Now I want to make one thing very clear before Ted Nugent and all the other super-patriots begin jumping up and down and calling Mike the Gun Guy an “enemy” of the beloved 2nd Amendment or worse.  There’s no credible proof that carrying guns around makes America a safer place, there’s also no credible proof that it does not.  In fact, there’s no credible proof of any connection between the behavior of law-abiding citizens who carry guns and the behavior of people who use guns either to shoot themselves or shoot anyone else.  Sorry, but coincidence isn’t causality and the fact that the violent crime rate is half as high as it was twenty years ago while the number of states that grant CCW permits has doubled isn’t, in and of itself, a proof of anything at all.

   Sen. Daniel Moynihan

Sen. Daniel Moynihan

As Senator Daniel Patrick Moynihan said, “We are all entitled to our own opinions, but we aren’t entitled to our own facts.”  I can’t think of another debate about public policy in which the two sides are so polarized in terms of opinions, but where there’s so little agreement about the facts.  At least when Republicans say we can solve the deficit by lowering taxes and Democrats argue for raising revenues, both sides agree that a deficit actually exists.  Red and Blue also disagree vehemently about immigration, but at least admit that something needs to be done.  In the case of guns, however, one side, the NRA side, doesn’t even believe that gun violence is a problem and, in fact, the NRA and its allies never use the term “gun violence” at all.

Which is why I find what happened in Marysville High School both a terrible and yet at the same time a remarkable event.  It was terrible, of course, because three young people lost their lives, others were badly wounded, scores more were traumatized beyond repair.  Even though it was more than fifty years ago, I remember my high school cafeteria as a place to relax, fool around and just have some innocent fun.  There isn’t a single kid in the Marysville lunchroom last week who will be able to sit there happily and playfully again.

On the other hand, the incident in Marysville was also remarkable for how it came to an end.  Apparently, a first-year teacher, Megan Silberberger, heard the shots, ran into the cafeteria, walked right up to Jaylen Fryberg and grabbed his arm as he was attempting to reload the gun.  It’s not clear at what point Fryberg shot himself with the gun, but what is clear is that an unarmed teacher, without any concern for her own safety, may have ended this episode before the carnage became much worse.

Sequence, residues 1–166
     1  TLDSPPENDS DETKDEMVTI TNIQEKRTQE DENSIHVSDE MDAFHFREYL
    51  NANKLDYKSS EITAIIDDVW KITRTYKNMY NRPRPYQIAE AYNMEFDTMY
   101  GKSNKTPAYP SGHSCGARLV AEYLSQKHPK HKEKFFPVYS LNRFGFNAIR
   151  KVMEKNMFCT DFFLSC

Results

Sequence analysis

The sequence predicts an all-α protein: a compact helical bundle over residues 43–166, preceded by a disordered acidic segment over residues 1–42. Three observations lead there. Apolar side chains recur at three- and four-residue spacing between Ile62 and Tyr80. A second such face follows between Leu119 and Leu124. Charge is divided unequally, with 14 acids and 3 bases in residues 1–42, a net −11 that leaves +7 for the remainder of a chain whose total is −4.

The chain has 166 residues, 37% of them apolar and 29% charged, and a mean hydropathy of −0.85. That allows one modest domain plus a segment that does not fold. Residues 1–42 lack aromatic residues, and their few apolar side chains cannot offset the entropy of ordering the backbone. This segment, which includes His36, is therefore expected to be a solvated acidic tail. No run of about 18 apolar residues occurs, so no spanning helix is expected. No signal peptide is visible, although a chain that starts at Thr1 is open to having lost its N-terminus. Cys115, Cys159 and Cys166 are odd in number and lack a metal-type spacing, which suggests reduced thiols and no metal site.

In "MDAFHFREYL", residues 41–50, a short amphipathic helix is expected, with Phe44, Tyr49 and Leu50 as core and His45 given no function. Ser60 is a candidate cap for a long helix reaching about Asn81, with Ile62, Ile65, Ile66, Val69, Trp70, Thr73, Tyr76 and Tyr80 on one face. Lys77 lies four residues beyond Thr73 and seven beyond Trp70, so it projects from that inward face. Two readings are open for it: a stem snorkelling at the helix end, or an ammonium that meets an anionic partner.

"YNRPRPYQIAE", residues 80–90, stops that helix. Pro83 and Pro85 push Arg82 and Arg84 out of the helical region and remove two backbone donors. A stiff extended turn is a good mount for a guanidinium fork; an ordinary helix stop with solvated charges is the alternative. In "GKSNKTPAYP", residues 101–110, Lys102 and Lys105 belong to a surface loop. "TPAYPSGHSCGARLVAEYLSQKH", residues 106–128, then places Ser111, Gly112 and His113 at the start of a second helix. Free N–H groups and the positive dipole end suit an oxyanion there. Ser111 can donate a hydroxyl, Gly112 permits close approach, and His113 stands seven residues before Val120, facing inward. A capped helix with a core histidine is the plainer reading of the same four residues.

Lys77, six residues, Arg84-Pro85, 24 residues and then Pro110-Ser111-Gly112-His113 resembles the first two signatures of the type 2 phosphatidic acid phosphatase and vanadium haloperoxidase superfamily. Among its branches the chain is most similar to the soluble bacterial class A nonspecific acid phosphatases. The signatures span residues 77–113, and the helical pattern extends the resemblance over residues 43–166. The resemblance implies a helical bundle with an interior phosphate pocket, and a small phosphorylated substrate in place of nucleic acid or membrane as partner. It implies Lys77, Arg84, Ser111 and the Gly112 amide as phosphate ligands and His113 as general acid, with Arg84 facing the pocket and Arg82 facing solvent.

I suspect plans are being discussed to bring Ms. Silberberger to DC for visits at the White House and Capitol Hill.  But after I finish this commentary I’m going to write a letter to Wayne LaPierre and suggest that the NRA invite this courageous young woman to stop by their headquarters as well.  The truth is that buying and sticking a gun in your pocket may keep gun sales on the rise, but you don’t need a gun to try and prevent harm. All you need is what the current gun debate seems to be lacking, which is some common sense.

Do The CDC Numbers On Gun Violence Tell Us What We Think They Tell Us? I’m Not So Sure.

The gun control community takes as a given the idea that there’s a correlation between more gun control laws and lower rates of gun violence.  And while we all assume that most people obey laws, and therefore if we pass a law prohibiting or controlling a particular kind of behavior (such as how people use guns), the law will have its desired effect.  Except in the case of gun violence I’m not so sure that this is correct, nor am I sure that the data which is proffered up to justify this argument says what the gun control folks believe it says.  Case in point:  a new report issued by the Violence Policy Center that finds higher rates of gun violence in states with fewer gun control laws.

The report, actually a press release, is based on the 2012 mortality data issued by the CDC and available for viewing/analysis online.  The CDC breaks down injuries by how they occurred, on both a regional and a state-by-state basis.  Which means you can see how many guns were used in homicides, suicides and plain old accidents, divide these numbers by each state or region’s population and – voila! – you have the data used by the VPC.